- Simplified programming languages i.e. BASIC
The next generation of mainframes and supercomputers took advantage of integrated circuits (IC). The Scientific Data Systems Sigma 7 (1966) mainframe, and IBM-360 (1964) and CDC 8600 supercomputers (1969) were examples of these systems.
Other examples of third generation computers:
- Personal Data Processor (PDP)
Fourth Generation of Computers: 1970s to Present (The Microprocessor, OS and GUI)
The birth of the microprocessor was at the same time the birth of the microcomputer. It was also in line to fulfill Moore's law which predicted exponential growth in transistor and microchips starting in 1965. This generation is instrumental in ushering in diverse devices. The 2nd generation computers which began in 1971 are those in use today.
Intel, through its engineers Ted Hoff, Federico Faggin and Stan Mazor In November 1971, introduced the world's first single chip microprocessor, the Intel 4004. It boasted of 2300 transistors and measured 1/8" by 1/16".
What in the first generation filled an entire room could now fitted in the palm of the hand.
On its own, new microchip was as powerful as The ENIAC computer from 1946. It also merged most of the functions that charged a computer like central processing unit, memory, input and output controls.
Manufacturers soon started integrating these microchips in their new computers.
In 1973, the Xerox Alto computer from PARC was released silently. It was a true personal computer and featured an Ethernet port, a mouse and a bit-mapped graphical user interface, the first of its kind.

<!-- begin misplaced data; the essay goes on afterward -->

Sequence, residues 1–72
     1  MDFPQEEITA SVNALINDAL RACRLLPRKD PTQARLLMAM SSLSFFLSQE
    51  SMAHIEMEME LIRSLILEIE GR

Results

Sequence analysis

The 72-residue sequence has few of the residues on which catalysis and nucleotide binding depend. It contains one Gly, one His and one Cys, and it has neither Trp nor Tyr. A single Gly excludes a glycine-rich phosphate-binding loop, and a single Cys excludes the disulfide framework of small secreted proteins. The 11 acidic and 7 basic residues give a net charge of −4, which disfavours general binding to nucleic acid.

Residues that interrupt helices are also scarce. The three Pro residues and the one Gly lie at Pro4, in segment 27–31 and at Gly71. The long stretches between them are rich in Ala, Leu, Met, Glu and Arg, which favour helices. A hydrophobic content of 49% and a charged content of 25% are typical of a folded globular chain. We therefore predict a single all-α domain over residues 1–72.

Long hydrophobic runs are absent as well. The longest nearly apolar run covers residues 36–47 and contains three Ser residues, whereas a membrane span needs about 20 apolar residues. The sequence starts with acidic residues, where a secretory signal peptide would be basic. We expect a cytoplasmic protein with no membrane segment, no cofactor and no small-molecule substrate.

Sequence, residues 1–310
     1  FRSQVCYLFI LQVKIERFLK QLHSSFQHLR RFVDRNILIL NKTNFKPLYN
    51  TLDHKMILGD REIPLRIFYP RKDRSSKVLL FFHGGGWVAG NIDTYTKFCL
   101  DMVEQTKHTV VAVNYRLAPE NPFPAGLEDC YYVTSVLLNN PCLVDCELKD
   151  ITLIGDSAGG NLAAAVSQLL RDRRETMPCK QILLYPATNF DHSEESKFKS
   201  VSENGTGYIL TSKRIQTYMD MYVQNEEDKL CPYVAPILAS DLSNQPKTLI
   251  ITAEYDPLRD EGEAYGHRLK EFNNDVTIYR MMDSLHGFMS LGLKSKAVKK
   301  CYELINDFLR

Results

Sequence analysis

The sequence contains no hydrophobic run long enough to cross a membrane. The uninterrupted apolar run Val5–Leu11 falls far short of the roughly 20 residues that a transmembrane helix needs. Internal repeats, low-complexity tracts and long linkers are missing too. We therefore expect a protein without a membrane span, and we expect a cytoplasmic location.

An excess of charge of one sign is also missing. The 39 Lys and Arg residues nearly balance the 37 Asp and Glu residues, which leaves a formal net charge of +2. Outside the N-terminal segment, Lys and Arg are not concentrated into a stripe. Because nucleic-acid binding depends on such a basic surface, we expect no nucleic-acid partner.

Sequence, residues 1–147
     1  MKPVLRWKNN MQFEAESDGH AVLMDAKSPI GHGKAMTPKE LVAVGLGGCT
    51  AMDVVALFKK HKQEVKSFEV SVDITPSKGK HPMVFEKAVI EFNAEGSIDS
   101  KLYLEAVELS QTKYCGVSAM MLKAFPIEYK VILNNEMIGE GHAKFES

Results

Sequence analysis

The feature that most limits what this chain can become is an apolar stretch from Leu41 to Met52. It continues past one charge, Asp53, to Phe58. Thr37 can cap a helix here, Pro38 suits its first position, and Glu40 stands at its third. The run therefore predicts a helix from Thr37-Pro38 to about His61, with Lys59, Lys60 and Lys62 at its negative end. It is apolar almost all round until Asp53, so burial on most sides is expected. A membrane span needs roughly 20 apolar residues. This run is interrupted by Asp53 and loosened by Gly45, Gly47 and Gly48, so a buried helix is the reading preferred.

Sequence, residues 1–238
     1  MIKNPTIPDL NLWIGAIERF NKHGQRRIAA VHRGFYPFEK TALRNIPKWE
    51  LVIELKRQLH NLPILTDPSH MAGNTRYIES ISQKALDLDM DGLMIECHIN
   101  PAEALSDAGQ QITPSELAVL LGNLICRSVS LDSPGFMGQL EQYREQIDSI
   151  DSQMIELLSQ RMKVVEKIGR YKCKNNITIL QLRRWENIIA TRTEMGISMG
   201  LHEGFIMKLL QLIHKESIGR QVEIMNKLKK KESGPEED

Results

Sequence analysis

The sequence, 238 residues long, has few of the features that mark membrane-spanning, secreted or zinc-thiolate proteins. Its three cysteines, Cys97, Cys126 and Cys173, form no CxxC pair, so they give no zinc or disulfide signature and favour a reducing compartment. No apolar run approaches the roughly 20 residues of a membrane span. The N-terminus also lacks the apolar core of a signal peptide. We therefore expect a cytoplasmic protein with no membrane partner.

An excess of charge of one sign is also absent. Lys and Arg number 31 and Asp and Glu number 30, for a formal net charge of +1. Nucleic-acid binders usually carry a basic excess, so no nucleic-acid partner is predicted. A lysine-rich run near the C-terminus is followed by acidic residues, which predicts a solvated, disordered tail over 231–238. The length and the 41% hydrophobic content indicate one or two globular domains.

The last feature was motivation to Apple computers to build one of a kind. Xerox Alto was powered by a 16bit TI SN74S181N ALU chip from Texas Instruments.
Challenged by the Xerox Alto, serious staff began in 1974 when Intel came up with a general purpose 8-bit microprocessor it named 8808. It sought for, and asked Gary Kildall, a consultant, to write an operating system for its new baby. This led to the disk-based operating system software known as Control Program for Microcomputers (CPM).
In 1981, International Business Machine introduced its first computer for the home which ran the 4004 processor. It was known as IBM PC, with PC standing for personal computer. They partnered with Bill Gates who bought Disk Operating System from Seattle Computer Product and had it distributed with IBM's new computer.
The IBM PC architecture became the de facto market standard model, which other PC makers emulated.
Apple under Steve jobs, changed the software game when it released the Apple Macintosh computer with an improved GUI (Graphical User Interface) in 1984, using the interface idea learned from Xerox PARC.